Elisabeth de Feydeau's biography of Marie Antoinette's perfumer, A Scented Palace, inspired Hannah Betts of the UK Times Online to pay a visit to Versailles:
...And, most evocatively, a powder-blue cabinet room, festooned with peacocks (an emblem of motherhood), with chair handles carved in the image of her favourite dog. This was the queen’s refuge, her powder room, in effect, and one still holds one’s breath in anticipation of its rouged, fragrant occupant. It was here that Marie Antoinette sought solace from stifling palace etiquette. As with today’s celebrities, chief among her confidants were her fellow image-makers: her couturière, Rose Bertin, her hairdresser, Léonard, and her perfumer, Jean-Louis Fargeon.
Read the rest of the article here, and many thanks to Ruth for the link.
The UK's Daily Record has an interesting article on some of the more unusual fragrance releases this year:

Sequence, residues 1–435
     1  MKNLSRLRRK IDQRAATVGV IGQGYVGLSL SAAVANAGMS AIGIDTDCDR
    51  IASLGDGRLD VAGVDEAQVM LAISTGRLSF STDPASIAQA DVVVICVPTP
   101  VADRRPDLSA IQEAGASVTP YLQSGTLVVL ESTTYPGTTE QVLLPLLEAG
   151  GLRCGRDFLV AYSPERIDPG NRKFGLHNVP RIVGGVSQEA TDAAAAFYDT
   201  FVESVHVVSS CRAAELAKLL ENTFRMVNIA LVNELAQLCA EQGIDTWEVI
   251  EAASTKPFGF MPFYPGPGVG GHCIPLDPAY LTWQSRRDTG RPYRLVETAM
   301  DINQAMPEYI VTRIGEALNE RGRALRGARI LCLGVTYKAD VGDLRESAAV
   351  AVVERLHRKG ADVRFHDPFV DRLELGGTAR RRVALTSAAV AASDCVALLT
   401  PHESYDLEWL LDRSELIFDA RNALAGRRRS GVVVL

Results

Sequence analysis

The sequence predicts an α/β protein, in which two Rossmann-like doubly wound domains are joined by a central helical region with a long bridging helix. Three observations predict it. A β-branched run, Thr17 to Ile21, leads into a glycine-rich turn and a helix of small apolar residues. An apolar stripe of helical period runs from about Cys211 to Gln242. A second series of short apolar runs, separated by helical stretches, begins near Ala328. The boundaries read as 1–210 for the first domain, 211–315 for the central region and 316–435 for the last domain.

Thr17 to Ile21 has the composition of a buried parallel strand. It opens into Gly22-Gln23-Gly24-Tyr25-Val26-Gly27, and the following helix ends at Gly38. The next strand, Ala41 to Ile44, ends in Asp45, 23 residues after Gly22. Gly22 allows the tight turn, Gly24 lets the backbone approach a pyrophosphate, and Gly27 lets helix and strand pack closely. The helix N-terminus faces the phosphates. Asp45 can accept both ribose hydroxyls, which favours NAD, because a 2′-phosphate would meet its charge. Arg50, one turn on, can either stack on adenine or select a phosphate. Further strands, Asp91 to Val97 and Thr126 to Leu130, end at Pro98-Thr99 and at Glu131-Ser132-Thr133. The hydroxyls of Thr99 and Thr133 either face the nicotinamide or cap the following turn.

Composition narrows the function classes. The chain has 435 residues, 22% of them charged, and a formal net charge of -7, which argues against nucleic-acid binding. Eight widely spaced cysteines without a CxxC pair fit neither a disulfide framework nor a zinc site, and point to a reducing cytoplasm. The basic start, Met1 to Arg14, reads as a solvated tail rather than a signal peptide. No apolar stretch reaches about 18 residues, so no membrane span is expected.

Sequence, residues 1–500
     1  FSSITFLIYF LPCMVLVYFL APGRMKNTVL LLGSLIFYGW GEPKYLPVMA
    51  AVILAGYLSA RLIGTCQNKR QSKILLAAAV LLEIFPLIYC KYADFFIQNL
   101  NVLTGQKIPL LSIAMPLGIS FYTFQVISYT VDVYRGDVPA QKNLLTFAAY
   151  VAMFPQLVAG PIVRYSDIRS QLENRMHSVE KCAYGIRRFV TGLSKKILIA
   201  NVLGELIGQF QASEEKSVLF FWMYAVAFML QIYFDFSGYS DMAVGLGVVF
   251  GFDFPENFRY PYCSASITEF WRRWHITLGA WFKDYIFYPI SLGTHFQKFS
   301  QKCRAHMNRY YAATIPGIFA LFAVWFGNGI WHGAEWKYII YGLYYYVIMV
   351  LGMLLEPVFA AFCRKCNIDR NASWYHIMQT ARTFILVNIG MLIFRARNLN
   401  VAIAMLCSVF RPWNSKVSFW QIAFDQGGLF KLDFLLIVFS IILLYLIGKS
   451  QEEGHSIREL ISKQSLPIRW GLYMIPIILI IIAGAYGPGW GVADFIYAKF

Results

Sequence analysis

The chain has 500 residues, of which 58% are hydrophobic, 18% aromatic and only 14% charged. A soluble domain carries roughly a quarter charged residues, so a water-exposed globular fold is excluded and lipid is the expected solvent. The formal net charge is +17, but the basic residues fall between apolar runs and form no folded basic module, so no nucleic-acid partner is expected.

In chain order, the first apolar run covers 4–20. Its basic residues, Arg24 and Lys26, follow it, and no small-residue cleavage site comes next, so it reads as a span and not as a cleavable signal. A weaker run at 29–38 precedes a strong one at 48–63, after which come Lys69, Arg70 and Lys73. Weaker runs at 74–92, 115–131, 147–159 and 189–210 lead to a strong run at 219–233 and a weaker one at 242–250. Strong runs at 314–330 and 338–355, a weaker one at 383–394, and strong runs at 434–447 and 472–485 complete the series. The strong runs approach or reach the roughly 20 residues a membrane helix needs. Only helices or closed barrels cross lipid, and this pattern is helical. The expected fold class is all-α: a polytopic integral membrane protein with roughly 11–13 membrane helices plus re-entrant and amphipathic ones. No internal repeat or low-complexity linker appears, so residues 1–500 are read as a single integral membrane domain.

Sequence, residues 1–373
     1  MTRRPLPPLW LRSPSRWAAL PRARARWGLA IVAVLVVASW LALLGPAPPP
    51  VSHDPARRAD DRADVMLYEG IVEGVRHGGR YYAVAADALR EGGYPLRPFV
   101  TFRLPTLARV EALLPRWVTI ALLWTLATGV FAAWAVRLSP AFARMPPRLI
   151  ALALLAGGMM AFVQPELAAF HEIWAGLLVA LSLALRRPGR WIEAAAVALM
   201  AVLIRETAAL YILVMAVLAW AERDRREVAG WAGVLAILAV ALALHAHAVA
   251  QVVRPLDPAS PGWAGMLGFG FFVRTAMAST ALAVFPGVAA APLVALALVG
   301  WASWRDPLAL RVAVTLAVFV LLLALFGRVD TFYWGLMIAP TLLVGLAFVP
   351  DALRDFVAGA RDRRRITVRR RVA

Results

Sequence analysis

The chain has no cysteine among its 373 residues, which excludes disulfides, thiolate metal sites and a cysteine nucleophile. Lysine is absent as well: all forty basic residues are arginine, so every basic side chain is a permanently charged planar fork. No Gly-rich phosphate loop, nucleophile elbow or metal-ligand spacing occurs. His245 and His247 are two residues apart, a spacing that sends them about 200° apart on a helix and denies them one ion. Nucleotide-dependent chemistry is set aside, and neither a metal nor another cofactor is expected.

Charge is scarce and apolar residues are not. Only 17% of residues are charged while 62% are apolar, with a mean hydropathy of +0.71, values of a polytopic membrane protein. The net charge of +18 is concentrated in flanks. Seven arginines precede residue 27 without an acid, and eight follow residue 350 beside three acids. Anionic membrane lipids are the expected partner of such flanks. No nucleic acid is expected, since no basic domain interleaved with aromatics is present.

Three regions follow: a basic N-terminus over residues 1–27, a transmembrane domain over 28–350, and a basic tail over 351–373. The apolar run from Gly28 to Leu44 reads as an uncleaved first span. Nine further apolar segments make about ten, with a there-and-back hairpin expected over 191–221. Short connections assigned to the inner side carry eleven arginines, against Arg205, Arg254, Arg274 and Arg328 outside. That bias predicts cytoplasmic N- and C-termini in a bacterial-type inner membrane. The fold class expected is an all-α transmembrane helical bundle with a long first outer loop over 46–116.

But an emerging trend is seeing perfumers break with tradition, as they look to diversify in an over-flooded market. Cheese, cars and the smell of sweat are just some of the latest scents to be captured and bottled for a market eager to try unique and individual new perfumes.
Read the rest here.
The world's first Christian perfume? Virtuous Woman comes "packaged with a passage from Proverbs" (link to original article no longer working, sorry!)
And if you're not getting enough fragrance already, Tide is introducing Simple Pleasures detergent this month:
Tide(R) Simple Pleasures(TM) fills clothing with peaceful and invigorating scents. The detergent will be available in three distinct varieties: relaxing Vanilla and Lavender, refreshing Water Lily and Jasmine, and romantic Rose and Violet. (via prnewswire)